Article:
Sharing the 2022 client community playlist brought it sharply to my attention how few blog posts I managed this year. I’ve got a good stack of content ideas to develop for 2023, but one I had to share before the end of December was my list of most of the books I’ve read this year. Nobody wants to read a 2022 round-up listicle in January!

There were in fact a few more than this below list, but these were my main reads in the long rests at the gym, between my heavy sets.

The Long Haul
 by Myles Horton – autobiography of the founder of the Highlander School. Myles is a big inspiration to me, as with the newly-founded co-operative We Got to Move we are aiming to ultimately create the UK’s version of the Highlander centre – with a squat rack.

Eat Like Your Ancestors by Liz Pearson Mann – a book about food local to the West Midlands region. This was a quick read and it didn’t leave me with as many takeaways or insights as I hoped it might.

Mutual Aid: building solidarity during this crisis (and the next) by Dean Spade. Dean had some great stuff to say about healthy vs unhealthy group cultures in the world of voluntary activism.

The Care Manifesto: the politics of interdependence by the Care Collective. A vision for expanding our concept of care, and re-imagining the world with care as a central organising principle.

The Tragedy of the Worker by the Salvage Collective. This was another short one but quite academic. It examines our inaction on irreversible climate collapse and proposes a left wing programme of restoration and reparation in response.

Feminist Antifascism: counterpublics of the common by Ewa Majewska. This one was also quite academic. A Polish writer mixing theoretical discussion with reflections on personal experiences in feminist movements.

A Planet to Win: why we need a green new deal by Kate Aronoff, Alyssa Battistoni, Daniel Aldana Cohen & Thea Riofrancos. This book explores the political potential and concrete first steps of a Green New Deal, in more everyday language than The Tragedy of the Worker.

The Extended Mind: the power of thinking outside the brain by Annie Murphy Paul. This book looks at how we use our entire body, our environment, and other people, be they peers or experts, to expanding our thinking powers. A lot of surprising relevance to my work and lots to chew on. I have a future blog post and maybe even a workshop in mind about interesting elements from this book.

Burnout by Emily & Amelia Nagoski. This book looks at how individuals can complete the stress cycle to avoid the impacts of chronic stress, but situates that massively within a social context, highlighting the structural and institutional causes for burnout – and what that means politically.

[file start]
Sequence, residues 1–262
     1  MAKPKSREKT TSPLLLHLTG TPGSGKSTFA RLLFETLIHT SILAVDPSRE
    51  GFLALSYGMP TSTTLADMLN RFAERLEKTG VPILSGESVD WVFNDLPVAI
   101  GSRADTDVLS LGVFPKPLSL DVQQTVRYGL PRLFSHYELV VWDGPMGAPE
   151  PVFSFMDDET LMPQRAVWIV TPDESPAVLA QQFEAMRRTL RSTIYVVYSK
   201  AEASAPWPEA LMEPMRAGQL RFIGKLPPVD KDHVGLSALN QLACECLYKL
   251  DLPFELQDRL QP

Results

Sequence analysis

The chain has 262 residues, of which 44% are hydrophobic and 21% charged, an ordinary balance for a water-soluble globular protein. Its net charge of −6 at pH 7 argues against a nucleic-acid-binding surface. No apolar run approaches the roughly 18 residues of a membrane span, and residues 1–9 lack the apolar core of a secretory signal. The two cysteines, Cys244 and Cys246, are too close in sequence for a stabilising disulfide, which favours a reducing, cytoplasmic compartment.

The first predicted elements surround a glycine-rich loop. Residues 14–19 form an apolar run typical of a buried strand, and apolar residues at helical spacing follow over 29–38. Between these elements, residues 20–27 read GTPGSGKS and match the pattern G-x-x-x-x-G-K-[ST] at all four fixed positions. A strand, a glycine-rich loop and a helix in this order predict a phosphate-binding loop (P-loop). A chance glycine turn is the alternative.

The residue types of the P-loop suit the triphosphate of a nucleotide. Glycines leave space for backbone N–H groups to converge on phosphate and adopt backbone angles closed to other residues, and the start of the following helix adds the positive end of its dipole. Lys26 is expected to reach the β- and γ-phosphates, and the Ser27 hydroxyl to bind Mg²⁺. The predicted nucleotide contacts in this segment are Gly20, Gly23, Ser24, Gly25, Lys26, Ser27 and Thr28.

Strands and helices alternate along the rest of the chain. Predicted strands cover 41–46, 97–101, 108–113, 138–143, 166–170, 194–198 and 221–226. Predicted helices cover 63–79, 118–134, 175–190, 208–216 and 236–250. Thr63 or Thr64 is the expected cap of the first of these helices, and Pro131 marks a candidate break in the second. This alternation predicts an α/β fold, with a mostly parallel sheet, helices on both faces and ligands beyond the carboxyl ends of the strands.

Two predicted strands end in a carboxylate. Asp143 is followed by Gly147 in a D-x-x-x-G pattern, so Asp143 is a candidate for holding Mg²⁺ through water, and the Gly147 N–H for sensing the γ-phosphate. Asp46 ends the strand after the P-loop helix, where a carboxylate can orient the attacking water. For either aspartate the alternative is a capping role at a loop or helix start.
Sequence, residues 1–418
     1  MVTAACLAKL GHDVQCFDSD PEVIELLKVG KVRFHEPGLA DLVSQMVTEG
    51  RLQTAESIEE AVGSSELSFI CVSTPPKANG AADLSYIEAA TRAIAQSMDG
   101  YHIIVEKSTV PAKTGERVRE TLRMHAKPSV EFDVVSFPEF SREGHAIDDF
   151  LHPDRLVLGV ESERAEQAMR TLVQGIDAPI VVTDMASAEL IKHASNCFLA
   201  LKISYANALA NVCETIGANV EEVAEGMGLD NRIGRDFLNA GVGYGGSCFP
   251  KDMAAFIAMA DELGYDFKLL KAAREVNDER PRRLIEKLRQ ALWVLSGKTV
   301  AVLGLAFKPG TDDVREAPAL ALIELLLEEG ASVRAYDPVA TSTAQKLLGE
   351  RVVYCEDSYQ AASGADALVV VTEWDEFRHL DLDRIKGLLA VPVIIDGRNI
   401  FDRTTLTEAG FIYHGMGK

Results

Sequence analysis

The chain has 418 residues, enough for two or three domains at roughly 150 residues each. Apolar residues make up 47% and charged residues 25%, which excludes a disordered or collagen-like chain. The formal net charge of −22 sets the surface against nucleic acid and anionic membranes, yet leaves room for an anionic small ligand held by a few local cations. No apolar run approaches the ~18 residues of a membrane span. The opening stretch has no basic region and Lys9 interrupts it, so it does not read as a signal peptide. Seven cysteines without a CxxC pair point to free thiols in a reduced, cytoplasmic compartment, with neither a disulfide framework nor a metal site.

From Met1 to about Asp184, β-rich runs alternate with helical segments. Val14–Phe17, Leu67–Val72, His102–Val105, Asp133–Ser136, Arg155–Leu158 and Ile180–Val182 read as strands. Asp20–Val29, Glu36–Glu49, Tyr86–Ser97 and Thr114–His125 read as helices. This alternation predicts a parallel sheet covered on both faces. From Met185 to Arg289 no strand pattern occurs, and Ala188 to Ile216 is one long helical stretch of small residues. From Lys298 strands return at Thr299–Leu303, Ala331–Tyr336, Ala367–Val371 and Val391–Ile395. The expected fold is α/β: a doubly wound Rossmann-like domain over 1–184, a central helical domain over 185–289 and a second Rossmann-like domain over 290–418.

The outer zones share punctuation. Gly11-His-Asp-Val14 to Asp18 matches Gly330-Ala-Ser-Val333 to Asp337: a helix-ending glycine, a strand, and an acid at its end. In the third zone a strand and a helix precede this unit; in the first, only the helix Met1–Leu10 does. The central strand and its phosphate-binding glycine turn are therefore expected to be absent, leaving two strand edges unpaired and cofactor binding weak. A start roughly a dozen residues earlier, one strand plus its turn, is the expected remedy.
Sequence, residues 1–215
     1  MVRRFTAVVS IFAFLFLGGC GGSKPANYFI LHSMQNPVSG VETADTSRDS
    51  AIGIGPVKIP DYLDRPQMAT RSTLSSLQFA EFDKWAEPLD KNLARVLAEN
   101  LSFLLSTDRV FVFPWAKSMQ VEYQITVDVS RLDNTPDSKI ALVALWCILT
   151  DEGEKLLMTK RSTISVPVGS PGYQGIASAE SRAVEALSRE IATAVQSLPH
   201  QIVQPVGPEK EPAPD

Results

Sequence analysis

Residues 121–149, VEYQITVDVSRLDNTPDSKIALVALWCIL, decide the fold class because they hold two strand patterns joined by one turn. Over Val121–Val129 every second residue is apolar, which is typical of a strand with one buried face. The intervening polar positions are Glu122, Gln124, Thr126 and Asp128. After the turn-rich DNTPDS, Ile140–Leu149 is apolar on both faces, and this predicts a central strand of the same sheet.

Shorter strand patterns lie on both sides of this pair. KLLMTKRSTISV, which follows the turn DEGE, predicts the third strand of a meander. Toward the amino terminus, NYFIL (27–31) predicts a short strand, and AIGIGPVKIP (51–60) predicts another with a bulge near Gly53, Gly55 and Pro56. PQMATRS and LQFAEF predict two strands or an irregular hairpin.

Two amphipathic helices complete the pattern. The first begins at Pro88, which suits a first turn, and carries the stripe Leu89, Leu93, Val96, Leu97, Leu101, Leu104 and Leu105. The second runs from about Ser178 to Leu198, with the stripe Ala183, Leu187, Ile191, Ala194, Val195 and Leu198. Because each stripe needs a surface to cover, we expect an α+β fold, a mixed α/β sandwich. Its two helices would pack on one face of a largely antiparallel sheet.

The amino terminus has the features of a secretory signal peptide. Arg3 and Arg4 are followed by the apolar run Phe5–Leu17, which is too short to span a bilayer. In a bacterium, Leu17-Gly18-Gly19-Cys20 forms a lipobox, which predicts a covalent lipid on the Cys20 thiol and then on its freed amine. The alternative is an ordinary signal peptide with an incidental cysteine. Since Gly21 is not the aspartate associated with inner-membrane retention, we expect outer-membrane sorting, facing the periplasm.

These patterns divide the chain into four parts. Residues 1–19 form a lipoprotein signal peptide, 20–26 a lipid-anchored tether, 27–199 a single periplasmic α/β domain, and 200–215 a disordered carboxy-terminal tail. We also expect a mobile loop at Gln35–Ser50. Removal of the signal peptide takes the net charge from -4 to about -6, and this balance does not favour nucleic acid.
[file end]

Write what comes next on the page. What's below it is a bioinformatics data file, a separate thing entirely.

Holding Change by adrienne maree brown. A life-affirming and inspiring guide to facilitation and mediation, ‘in ways that align with nature, with pleasure, with our best imaginings of our future’, curated primarily from the wisdom of Black feminists.

Insurgent Heart: a Vipassana manual for the guerrilla yogi by Jesse Maceo Vega Frey (my second time reading this fave). An approach to meditation practice that mirrors (and is illustrated by) the principles, strategies, and tactics that powerless people have always used in their struggle against oppression: those of guerrilla warfare. You can read this book for free via the link.

Perimenopause Power by Maisie Hill. My first deep dive into learning about the perimenopause, and my key takeaway was that it’s a vast topic, with huge impacts… So this will be a reference book for me to return to.

The Outrun, a memoir of recovery from alcoholism in Orkney by Amy Liptrot. Extremely well-written. I forgot multiple times that it wasn’t prose. I was really transported to the islands.

And still in the middle of reading…

Beautiful Practice: a whole-life approach to health, performance and the human predicament by Frank Forencich (second time reading this one). A book about alienation, presence and the cultivation of a practice.

The Politics of Trauma: somatics, healing and social justice by Staci K. Haines. Described as ‘an essential tool for healers, therapists, activists, and trauma survivors who are interested in a justice-centred approach to somatic transformation’.

Conscious Coaching by Brett Bartholemew. This is a book for trainers that encourages self reflection and then examines some of the psychological archetypes we may encounter when working with athletes, so that we may better adapt to their needs.

Next to read – on the top of my pile…

Workers Can Win by Ian Allinson, a practical guide to organising at work (my previous field of focus for many years).

Health Communism by Beatrice Adler-Bolton and Artie Vierkant, an analysis of health, illness, life and death under capitalism, arguing for a new global left politics that severs the ties between capital and health. From the hosts of Death Panel podcast (which I will have to check out).

This list is honestly not sponsored by Verso books! But they do have very excellent 40% off sales.